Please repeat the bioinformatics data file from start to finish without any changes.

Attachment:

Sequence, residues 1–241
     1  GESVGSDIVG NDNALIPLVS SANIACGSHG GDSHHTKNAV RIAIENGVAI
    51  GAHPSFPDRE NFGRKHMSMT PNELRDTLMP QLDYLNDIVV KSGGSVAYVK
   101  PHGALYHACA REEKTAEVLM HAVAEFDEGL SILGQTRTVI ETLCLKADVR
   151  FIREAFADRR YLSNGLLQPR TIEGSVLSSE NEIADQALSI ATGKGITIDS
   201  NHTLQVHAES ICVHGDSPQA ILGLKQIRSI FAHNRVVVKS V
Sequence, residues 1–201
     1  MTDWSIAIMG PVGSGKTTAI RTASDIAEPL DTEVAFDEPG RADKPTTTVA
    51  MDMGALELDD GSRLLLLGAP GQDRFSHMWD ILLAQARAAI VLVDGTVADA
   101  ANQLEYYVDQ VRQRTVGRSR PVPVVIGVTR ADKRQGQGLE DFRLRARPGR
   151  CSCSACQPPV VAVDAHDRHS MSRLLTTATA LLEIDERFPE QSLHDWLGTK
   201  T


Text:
Sequence, residues 1–241
     1  GESVGSDIVG NDNALIPLVS SANIACGSHG GDSHHTKNAV RIAIENGVAI
    51  GAHPSFPDRE NFGRKHMSMT PNELRDTLMP QLDYLNDIVV KSGGSVAYVK
   101  PHGALYHACA REEKTAEVLM HAVAEFDEGL SILGQTRTVI ETLCLKADVR
   151  FIREAFADRR YLSNGLLQPR TIEGSVLSSE NEIADQALSI ATGKGITIDS
   201  NHTLQVHAES ICVHGDSPQA ILGLKQIRSI FAHNRVVVKS V
Sequence, residues 1–201
     1  MTDWSIAIMG PVGSGKTTAI RTASDIAEPL DTEVAFDEPG RADKPTTTVA
    51  MDMGALELDD GSRLLLLGAP GQDRFSHMWD ILLAQARAAI VLVDGTVADA
   101  ANQLEYYVDQ VRQRTVGRSR PVPVVIGVTR ADKRQGQGLE DFRLRARPGR
   151  CSCSACQPPV VAVDAHDRHS MSRLLTTATA LLEIDERFPE QSLHDWLGTK
   201  T